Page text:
We’ve almost reached the place where I talk about what a corporate worship leader is actually supposed to be doing. But not quite. There’s one more thing I want to say about the tools we use to lead congregational worship.
An effective worship leader “skillfully combines biblical truth with music.”
Skillfully. Skill has been defined as the “the ability to do something well.” With all the benefits of the mass outpouring of worship songs in the past decade, there have been some down sides. One is the belief that a sincere heart, a guitar, and a knowledge of three chords qualifies someone to lead worship in a church. Fortunately, more and more churches are realizing that it takes skill to put music and biblical truth together in such a way that people actually worship God rather than the leader, the music, themselves, or other idols. That skill may come from natural gifting, training, or experience; but it’s an important part of what a worship leader does. Combines biblical truth with music.
Leading God’s people in corporate worship isn’t just about truth and it isn’t simply about music. It’s about both. If I had to choose one, obviously, I’d take truth. But God, for some reason, mentions singing over 400 times in his word, including 50 direct commands to sing His praise. He makes it pretty obvious what He wants us to do in Ps. 47:6: Sing praises to God, sing praises! Sing praises to our King, sing praises! Worship involves all of life, to be sure. We can worship God when we evangelize, care for our children, serve a neighbor, or obey the traffic laws. But God wants at least some of praise to be musical. Have you ever wondered why? I have. And I’ve realized that if I use music in corporate praise without understanding God’s purpose for it, I’ll be prone to misuse it. Even worse, God won’t be glorified by sincere, but misguided, attempts.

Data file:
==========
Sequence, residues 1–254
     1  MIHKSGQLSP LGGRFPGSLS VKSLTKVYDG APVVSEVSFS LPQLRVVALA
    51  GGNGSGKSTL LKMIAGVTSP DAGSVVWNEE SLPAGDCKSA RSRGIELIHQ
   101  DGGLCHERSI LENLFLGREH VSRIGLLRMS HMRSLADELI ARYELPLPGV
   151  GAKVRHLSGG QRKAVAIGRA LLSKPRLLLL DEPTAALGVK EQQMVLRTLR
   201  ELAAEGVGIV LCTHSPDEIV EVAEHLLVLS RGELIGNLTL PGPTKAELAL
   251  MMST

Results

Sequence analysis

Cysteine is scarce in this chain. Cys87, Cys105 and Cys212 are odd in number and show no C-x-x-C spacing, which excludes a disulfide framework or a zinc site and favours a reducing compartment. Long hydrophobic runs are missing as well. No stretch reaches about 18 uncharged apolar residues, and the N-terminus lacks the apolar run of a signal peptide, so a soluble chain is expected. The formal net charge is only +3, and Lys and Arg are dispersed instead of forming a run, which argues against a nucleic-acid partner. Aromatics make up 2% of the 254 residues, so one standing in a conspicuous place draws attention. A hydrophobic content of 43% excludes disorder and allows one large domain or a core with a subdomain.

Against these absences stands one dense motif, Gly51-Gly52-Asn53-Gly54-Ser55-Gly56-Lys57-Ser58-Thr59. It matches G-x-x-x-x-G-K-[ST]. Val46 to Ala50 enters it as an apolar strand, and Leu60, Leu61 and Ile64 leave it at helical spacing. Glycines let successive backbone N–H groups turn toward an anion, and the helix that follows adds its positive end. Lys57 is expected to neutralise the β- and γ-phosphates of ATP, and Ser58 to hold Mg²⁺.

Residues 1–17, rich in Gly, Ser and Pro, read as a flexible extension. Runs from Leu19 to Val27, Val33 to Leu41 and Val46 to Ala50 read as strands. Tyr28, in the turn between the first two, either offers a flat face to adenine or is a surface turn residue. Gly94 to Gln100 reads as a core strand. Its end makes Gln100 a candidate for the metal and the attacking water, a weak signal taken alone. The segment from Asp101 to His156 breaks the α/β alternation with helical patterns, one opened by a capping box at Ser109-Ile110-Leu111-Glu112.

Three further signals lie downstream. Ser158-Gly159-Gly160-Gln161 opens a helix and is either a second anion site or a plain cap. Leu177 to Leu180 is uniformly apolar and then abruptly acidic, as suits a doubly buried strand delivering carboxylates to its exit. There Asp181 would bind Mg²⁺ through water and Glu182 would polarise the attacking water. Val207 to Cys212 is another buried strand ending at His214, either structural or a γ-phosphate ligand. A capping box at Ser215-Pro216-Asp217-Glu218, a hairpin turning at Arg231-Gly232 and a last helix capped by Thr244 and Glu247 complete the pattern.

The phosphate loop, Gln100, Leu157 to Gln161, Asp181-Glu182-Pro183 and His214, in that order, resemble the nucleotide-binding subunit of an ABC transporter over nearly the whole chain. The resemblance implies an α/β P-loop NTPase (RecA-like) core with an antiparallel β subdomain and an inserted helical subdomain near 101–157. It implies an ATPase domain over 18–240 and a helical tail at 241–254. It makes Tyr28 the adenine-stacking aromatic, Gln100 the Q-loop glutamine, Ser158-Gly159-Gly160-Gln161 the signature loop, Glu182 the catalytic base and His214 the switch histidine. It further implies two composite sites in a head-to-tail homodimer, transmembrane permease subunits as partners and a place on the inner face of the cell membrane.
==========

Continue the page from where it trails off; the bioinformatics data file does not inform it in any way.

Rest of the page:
So, let me start by suggesting what music doesn’t do when we meet to exalt God. It doesn’t reveal God’s presence or bring us closer to God. Only the Holy Spirit and the finished work of our Savior can do that. Harold Best writes: “Christian musicians must be particularly cautious. They can create the impression that God is more present when music is being made than when it is not; that worship is more possible with music than without it; and that God might possibly depend on its presence before appearing.” (Music Through the Eyes of Faith, p. 153) Music doesn’t sanctify or morally change us. Again, that is the work of God’s Spirit working through His word. Music doesn’t preach propositional truth to us, and has no power to save us. Apart from lyrics or a surrounding context, music is a “truth-less” form of communication. By that I mean that while music affects us in many ways (which I’ll address later), it can never accurately articulate realities like substitutionary atonement or the relationship of the Father and the Son on its own.
Next week, I’ll talk about how I think God intends for music to function as we lead people to praise Him. Thanks for reading.